Identification of a molecular signature unique to metal-reducing Gammaproteobacteria

Authors


Abstract

Functional genes required for microbial (dissimilatory) metal reduction display high sequence divergence, which limits their utility as molecular biomarkers for tracking the presence and activity of metal-reducing bacteria in natural and engineered systems. In the present study, homologs of the outer membrane beta-barrel protein MtrB of metal-reducing Gammaproteobacteria were found to contain a unique N-terminal CXXC motif that was missing from MtrB homologs of nonmetal-reducing Gammaproteobacteria and metal- and nonmetal-reducing bacteria outside the Gammaproteobacteria. To determine whether the N-terminal CXXC motif of MtrB was required for dissimilatory metal reduction, each cysteine in the CXXC motif of the representative metal-reducing gammaproteobacterium Shewanella oneidensis was replaced with alanine, and the resulting site-directed mutants were tested for metal reduction activity. Anaerobic growth experiments demonstrated that the first, but not the second, conserved cysteine was required for metal reduction by S. oneidensis. The ability to predict metal reduction by Gammaproteobacteria with unknown metal reduction capability was confirmed with Vibrio parahaemolyticus, a pathogen whose genome encodes an MtrB homolog with an N-terminal CXXC motif. MtrB homologs with an N-terminal CXXC motif may thus represent a molecular signature unique to metal-reducing members of the Gammaproteobacteria.

Introduction

Dissimilatory metal-reducing bacteria occupy a central position in a variety of environmentally important processes, including the biogeochemical cycling of carbon and metals, the bioremediation of radionuclides and organohalides, and the generation of electricity in microbial fuel cells (Lovley & Coates, 1997; Thamdrup, 2000; Lovley et al., 2004; Logan, 2009). Metal-reducing bacteria are scattered and deeply rooted throughout both prokaryotic domains (Lonergan et al., 1996; Vargas et al., 1998). Functional genes required for microbial metal reduction display high sequence divergence, which limits their use as molecular biomarkers to examine fundamental ecological principles and environmental parameters controlling metal reduction in both natural and engineered systems. A variety of c-type cytochromes, for example, are key components of the electron transport systems of many metal-reducing bacteria (Weber et al., 2006; Richter et al., 2012), yet their widespread occurrence in nonmetal-reducing bacteria and high sequence divergence limit their utility as molecular biomarkers for tracking the presence and activity of metal-reducing bacteria as a functional group. The gene encoding the eukaryotic-like citrate synthase (gltA) in the Geobacteraceae family has received attention as a molecular biomarker for tracking the presence and activity of metal-reducing Geobacteraceae in subsurface environments (Bond et al., 2005; Wilkins et al., 2011). However, gltA is found only in members of the Geobacteraceae family, thus limiting its application as a molecular biomarker for metal-reducing bacteria outside the Geobacteraceae family.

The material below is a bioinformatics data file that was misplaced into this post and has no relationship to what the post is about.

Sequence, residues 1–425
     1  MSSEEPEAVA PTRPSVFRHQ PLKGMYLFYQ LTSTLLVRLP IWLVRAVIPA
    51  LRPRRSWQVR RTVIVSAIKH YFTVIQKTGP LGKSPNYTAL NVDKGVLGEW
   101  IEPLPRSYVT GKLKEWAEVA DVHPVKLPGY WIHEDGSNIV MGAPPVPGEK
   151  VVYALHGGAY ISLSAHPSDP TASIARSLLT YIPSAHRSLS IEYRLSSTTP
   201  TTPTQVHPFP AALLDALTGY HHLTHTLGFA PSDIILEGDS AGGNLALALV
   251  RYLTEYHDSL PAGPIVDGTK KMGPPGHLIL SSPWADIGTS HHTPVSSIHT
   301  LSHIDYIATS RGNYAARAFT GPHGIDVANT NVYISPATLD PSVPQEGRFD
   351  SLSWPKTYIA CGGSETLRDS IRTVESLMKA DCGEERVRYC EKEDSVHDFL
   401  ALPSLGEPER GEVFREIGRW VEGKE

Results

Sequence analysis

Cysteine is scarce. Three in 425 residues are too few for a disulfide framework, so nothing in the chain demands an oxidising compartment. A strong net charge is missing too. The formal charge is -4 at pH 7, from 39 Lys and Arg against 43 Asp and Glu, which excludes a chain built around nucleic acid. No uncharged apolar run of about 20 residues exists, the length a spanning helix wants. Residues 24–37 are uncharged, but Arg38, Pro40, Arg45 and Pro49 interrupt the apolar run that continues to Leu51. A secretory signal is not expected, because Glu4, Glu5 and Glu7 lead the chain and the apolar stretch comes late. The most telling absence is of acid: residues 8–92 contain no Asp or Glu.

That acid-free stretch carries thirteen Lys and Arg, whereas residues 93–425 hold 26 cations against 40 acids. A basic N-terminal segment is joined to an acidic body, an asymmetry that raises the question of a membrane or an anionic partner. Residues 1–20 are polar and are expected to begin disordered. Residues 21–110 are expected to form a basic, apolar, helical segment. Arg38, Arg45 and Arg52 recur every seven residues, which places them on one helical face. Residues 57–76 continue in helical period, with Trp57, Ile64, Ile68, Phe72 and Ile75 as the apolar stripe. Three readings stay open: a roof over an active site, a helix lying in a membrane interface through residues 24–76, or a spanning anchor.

The large γ-proteobacteria class within the phylum Proteobacteria (Williams et al., 2010) was selected as a bacterial group to search for molecular signatures unique to metal-reducing bacteria outside the Geobacteraceae family. The large number of genera (over 250) and complete or nearly complete genomes (over 200) in the γ-proteobacteria class (Williams et al., 2010) facilitates nucleotide sequence comparisons of genes in both metal- and nonmetal-reducing bacteria, potentially aiding in the identification of molecular signatures unique to metal-reducing γ-proteobacteria. The γ-proteobacteria class includes Shewanella oneidensis, a gram-negative, facultative anaerobe that reduces a wide range of metals, including Fe(III) and Mn(IV) as terminal electron acceptor (Myers & Nealson, 1988; Venkateswaran et al., 1999). Shewanella oneidensis employs a number of novel respiratory strategies for dissimilatory metal reduction, including (1) localization of c-type cytochromes on the cell surface (or along extracellular nanowires) where they may deliver electrons to external metals (Myers & Myers, 1992; DiChristina et al., 2002; Gorby et al., 2006); (2) nonreductive dissolution of metal oxides to form more readily reducible organic metal complexes (Taillefert et al., 2007; Fennessey et al., 2010; Jones et al., 2010); and (3) delivery of electrons to external metals via endogenous or exogenous electron shuttles (Hernandez et al., 2004; Marsili et al., 2008; Roden et al., 2010).